The act of working together to accomplish a common goal is an extremely important social skill that most kids begin to learn around age three. When kids cooperate, they have more positive social interactions and are better able to make and keep friends. Moreover, working together as a team makes tasks easier, quicker and more achievable than if they had tried to work alone.
Encourage cooperation in your child by role-playing. Pretend you’re one of their classmates and work together to complete a project. Pay close attention to how your child responds when you ask for input or help. Do they want to complete the task by themselves? Are they reluctant to offer their opinion or advice? Noticing these subtleties will cue you in to how your child cooperates with others and how you might be able to work towards taking turns and completing tasks as a team instead of as individuals.
Of course, you can’t have successful cooperation without sharing. However, taking turns and allowing others to play with their toys can be very difficult for kids at first. Most kids won’t even begin to share until four or five when they begin transitioning from parallel play to associative and social play. So, by the time they reach kindergarten, it’s important you teach them the importance of sharing.
One way to encourage sharing is to set visual limits, like a timer, to let kids know when it’s time to give up a toy and move on to another. And, before a playdate, remind them it’s totally acceptable for friends to play with their toys for a while. Sharing is part of being a good friend and, naturally, your child would want their friend to share too. If a child reacts negatively or is selfish, correct their behavior immediately by reminding them they can take turns.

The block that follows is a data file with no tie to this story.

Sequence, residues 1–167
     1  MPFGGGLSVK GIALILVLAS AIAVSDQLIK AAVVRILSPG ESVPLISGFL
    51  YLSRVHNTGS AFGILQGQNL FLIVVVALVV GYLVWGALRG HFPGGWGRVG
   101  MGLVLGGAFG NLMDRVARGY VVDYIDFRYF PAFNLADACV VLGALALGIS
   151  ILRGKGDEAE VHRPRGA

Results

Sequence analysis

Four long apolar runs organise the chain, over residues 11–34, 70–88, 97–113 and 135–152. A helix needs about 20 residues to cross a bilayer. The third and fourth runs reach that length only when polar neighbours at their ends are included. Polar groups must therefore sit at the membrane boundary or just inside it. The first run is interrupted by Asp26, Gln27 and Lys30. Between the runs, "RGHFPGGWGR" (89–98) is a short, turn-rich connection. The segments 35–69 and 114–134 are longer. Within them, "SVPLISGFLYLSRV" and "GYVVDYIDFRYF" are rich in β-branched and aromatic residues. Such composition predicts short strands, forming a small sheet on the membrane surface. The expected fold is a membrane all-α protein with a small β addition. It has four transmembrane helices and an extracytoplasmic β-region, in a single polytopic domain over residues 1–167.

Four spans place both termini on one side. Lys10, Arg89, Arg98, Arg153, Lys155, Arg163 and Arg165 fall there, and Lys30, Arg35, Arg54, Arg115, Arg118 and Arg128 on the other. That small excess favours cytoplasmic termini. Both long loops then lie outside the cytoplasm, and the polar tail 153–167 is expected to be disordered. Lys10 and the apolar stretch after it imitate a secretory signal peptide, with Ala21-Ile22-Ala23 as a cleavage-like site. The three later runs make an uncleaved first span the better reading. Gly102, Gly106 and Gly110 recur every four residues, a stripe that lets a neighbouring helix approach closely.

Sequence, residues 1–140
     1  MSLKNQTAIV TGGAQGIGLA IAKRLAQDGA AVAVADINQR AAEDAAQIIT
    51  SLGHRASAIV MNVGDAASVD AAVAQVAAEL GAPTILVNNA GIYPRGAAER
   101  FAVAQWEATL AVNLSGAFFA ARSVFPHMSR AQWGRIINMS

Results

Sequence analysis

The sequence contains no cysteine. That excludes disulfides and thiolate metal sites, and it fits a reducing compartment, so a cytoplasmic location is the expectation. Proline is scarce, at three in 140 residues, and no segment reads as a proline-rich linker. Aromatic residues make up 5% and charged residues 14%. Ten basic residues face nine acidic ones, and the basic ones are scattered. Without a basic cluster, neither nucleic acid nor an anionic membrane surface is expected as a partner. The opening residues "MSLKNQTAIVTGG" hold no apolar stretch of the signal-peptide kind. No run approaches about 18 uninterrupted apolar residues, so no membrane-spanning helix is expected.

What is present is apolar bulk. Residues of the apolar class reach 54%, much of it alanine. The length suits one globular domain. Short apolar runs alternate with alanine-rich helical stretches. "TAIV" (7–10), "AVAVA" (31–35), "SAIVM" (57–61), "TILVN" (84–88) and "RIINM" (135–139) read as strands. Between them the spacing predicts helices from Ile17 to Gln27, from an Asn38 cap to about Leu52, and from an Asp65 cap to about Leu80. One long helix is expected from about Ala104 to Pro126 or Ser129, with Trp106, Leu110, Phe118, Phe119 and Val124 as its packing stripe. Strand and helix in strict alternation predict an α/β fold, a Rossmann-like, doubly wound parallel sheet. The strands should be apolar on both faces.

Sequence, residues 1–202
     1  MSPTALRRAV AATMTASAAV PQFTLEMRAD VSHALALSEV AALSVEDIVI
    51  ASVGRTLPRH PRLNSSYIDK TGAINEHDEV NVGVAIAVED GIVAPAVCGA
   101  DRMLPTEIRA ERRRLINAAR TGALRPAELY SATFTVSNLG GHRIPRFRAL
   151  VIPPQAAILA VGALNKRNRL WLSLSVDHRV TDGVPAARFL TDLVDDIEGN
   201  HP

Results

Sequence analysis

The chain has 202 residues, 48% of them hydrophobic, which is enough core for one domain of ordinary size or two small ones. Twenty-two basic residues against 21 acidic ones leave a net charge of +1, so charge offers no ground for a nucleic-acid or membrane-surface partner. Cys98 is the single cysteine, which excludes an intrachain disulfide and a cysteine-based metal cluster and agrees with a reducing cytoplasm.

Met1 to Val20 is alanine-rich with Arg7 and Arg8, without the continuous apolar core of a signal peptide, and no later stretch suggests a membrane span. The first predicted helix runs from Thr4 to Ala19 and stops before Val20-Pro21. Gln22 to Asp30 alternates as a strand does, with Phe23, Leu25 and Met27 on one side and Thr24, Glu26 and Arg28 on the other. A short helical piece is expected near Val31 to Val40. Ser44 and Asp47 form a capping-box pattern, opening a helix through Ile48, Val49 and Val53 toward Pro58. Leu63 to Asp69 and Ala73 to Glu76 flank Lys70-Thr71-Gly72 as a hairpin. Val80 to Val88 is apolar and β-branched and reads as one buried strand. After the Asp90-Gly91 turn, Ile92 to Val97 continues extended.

Sharing and respect also go hand in hand. Respecting personal space and emotions is an integral part of sharing. If a friend doesn’t want to share, your child must learn to respect that and have enough self-control to respect that. If your child grabs toys from peers or pushes others when impatient, establish consequences. Saying nothing at all will only encourage this behavior.
You can also promote respect by teaching your child to knock on closed doors, keep their hands to themselves and ask permission before showing physical affection. Likewise, they can set their own personal boundaries. If they have one special item, like a blanket, they’d rather not share with anyone else, let them establish a boundary so no other kids may play with it. Or, set an example by asking your child if it’s alright to enter their room or hold their favorite toy.
Developing patience is an overarching skill that will help your child not just socially but in every area of life. From waiting in line at the water fountain to exercising daily, patiently anticipating weight loss, the skill of patience may be the most difficult, yet most essential skill to both teach and learn, even as an adult.
So, while you’re teaching your child to be patient, work on practicing patience yourself. Instead of getting frustrated waiting in line at the grocery store, play a game with your child. Or, if you’re stuck in traffic, sing a song or tell each other a story. Teaching your child these social skills will take a fair amount of patience as well.
Your approach to teaching will depend on your child and their skill level, age and learning needs. Communicating these social skills may take some trial and error before you successfully get your point across, so it’s important to stay committed. And, remember, your dedication will pay off as you watch your child grow into a well-rounded, independent adult.
Article Submitted By Community Writer